Euro 6 Diesel Cars Emit NOx At Double Rate Of Modern Trucks & Buses

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In another example of the disparity between the reality of diesel cars and common sales claims, the independent research organization known as the International Council on Clean Transportation has revealed in a new paper that Euro 6 diesel passenger cars emit NOx at over double the rates that modern Euro VI buses and trucks do (on average).

The put that more plainly, the International Council on Clean Transportation (ICCT) paper noted that “the average amount of NOx present in exhaust emissions from modern diesel passenger cars under real-world conditions is more than double the levels from modern trucks and buses.”

The figures are the result of data obtained from 24 Euro VI buses and trucks through the use of a chassis dynamometer (by the Technical Research Centre of Finland) and through on-road testing with portable emissions testing equipment (by the German type-approval agency KBA).

Green Car Congress provides more:

“On average, NOx emissions of the heavy-duty vehicles tested were approximately 210 mg/km. Currently, NOx emissions of Euro 6 diesel passenger cars under real-world driving conditions are approximately 500 mg/km, as determined by testing carried out by KBA and other European type-approval agencies. In addition, the average conformity factor — the ratio of the test result to the regulatory limit — for the heavy-duty engines was less than 1, meaning that on-road emissions stayed below the Euro VI engine type-approval test limits.

“Further, CO2 emissions — which are proportional to fuel consumption — for heavy-duty vehicles are roughly 5 times those of cars. In other words, on an engine-load basis, heavy-duty vehicles are about 10 times better than light-duty diesels at reducing NOx.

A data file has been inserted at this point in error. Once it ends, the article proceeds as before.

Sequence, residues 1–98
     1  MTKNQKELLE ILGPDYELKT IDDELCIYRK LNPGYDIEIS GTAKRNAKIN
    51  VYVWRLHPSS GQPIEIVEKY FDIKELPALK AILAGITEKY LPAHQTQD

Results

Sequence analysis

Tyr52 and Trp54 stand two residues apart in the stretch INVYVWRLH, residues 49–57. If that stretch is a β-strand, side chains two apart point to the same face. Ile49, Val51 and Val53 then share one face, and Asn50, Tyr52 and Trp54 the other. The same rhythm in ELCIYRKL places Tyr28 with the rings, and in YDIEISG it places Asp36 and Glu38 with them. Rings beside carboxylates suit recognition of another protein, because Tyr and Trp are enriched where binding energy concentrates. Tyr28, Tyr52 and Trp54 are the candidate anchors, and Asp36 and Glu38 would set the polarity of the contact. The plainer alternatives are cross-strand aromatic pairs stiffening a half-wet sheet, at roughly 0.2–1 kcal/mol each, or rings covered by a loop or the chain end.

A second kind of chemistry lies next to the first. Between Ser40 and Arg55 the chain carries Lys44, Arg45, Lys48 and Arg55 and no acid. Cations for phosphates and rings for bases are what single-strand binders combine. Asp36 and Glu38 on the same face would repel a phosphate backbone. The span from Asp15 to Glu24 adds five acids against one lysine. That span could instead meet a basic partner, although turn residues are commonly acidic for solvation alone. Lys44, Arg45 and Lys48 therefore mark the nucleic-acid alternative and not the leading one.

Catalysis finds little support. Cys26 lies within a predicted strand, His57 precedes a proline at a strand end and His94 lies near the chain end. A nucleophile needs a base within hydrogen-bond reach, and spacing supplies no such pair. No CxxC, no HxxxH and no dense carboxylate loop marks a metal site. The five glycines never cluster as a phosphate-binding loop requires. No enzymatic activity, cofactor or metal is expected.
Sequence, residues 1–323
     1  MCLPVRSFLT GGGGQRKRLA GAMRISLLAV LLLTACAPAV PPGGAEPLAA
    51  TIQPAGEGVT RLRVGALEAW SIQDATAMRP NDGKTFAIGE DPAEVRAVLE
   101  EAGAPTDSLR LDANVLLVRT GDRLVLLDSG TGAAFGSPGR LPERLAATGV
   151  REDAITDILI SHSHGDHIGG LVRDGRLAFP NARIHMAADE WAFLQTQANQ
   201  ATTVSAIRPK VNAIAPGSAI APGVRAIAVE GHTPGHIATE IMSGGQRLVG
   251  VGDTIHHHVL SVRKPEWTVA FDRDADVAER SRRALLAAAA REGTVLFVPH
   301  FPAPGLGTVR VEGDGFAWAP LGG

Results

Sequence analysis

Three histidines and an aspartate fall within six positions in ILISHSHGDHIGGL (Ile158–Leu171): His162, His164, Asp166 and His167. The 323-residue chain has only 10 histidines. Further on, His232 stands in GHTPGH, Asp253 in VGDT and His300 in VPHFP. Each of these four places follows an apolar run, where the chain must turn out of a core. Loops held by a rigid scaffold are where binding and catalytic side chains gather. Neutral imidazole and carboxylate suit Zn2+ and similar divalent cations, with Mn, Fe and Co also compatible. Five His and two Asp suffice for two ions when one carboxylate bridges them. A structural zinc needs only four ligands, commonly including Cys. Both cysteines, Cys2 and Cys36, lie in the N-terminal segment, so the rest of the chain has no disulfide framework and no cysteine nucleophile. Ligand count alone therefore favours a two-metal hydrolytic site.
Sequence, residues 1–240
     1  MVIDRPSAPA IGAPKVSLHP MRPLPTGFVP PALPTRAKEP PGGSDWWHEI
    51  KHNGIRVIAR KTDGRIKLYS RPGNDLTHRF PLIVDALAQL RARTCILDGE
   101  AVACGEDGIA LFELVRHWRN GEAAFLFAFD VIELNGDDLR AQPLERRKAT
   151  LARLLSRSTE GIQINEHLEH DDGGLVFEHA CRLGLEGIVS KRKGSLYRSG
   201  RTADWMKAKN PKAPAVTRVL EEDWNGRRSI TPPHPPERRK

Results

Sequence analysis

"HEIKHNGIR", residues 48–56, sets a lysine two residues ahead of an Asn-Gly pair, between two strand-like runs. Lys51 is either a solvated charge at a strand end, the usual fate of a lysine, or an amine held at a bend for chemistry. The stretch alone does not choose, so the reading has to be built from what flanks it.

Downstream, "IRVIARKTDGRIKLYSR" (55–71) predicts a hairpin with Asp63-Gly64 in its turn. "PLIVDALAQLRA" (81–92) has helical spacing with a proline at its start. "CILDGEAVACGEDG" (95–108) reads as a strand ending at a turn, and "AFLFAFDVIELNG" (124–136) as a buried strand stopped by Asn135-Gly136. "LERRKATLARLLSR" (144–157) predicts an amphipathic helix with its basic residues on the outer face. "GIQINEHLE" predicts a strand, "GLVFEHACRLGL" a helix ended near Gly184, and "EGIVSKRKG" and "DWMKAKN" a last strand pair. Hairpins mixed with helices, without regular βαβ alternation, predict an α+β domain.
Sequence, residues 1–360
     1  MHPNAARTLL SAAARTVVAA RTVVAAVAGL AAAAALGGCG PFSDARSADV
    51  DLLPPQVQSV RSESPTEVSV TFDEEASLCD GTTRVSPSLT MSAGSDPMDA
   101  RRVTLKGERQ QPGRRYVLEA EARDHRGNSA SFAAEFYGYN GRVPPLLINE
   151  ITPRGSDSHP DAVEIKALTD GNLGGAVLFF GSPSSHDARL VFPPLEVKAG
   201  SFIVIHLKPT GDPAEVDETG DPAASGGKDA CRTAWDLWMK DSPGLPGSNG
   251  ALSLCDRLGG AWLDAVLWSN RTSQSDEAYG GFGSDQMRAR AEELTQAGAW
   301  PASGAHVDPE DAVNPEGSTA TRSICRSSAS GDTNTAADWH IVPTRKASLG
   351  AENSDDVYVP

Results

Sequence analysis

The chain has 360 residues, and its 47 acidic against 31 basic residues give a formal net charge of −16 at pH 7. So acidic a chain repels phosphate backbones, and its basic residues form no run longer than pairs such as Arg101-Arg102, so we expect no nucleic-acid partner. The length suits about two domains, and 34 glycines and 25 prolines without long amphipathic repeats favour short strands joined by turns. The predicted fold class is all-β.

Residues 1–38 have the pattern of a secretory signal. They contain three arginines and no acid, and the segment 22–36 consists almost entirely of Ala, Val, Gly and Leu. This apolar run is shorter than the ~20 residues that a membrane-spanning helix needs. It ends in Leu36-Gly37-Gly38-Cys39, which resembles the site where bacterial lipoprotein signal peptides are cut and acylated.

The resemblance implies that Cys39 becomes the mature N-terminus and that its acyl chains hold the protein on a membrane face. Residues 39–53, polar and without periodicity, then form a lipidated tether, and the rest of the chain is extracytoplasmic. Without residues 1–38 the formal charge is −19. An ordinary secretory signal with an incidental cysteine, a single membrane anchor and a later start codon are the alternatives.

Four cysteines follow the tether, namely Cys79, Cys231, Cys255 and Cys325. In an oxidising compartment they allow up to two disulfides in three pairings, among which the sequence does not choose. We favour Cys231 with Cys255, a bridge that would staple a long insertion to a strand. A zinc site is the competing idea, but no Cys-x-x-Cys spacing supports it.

“The differences are attributable in large part to differences in how light-duty and heavy-duty vehicle emissions are regulated, according to Rachel Muncrief, ICCT researcher and author of the paper. Significant real-world emissions and conformity-factor reductions were accomplished in the transition from Euro V to Euro VI heavy-duty vehicle standards.”

These reductions were primarily the result of: the inclusion of an off-cycle test during the type approval; improved test cycle (cold start + lower load conditions, and transient + higher load conditions); and “PEMS test for in-service conformity testing, with limited restrictions on the boundary conditions used during the test and subsequent data processing.”

The current Euro 6 regulation for diesel passenger cars includes none of these Euro V to Euro VI changes. Hence the disparity.

“The contrasting performance highlights the importance of an upcoming decision on strengthening the real-driving emissions (RDE) test for passenger cars in the EU,” the ICCT noted.

“The significantly lower NOx emission levels of trucks and buses are most likely a result of differences in regulation. Official testing requirements of light-duty vehicles remain limited to laboratory measurements of carefully prepared prototype vehicles.”

The Managing Director of ICCT in Europe, Dr Peter Mock, stated:  “In contrast, for measurement of NOx emissions from trucks and buses, mobile testing devices became mandatory in 2013. As a consequence, randomly selected vehicles can be tested under real-world driving.”

While things are set to improve somewhat with the impending implementation of the European Real-Driving Emissions regulation, there is still currently a lot of room for manufacturers to game the system.

For instance, for some reason, the new regulation will allow manufacturers to choose special prototype cars for “real-world” emissions testing rather than simply doing real-world testing on vehicles that had actually been sold to customers (ideally, randomly selected vehicles). Who does that plan make sense to? That obviously isn’t actual “real-world” testing, is it?

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James Ayre

James Ayre's background is predominantly in geopolitics and history, but he has an obsessive interest in pretty much everything. After an early life spent in the Imperial Free City of Dortmund, James followed the river Ruhr to Cofbuokheim, where he attended the University of Astnide. And where he also briefly considered entering the coal mining business. He currently writes for a living, on a broad variety of subjects, ranging from science, to politics, to military history, to renewable energy.

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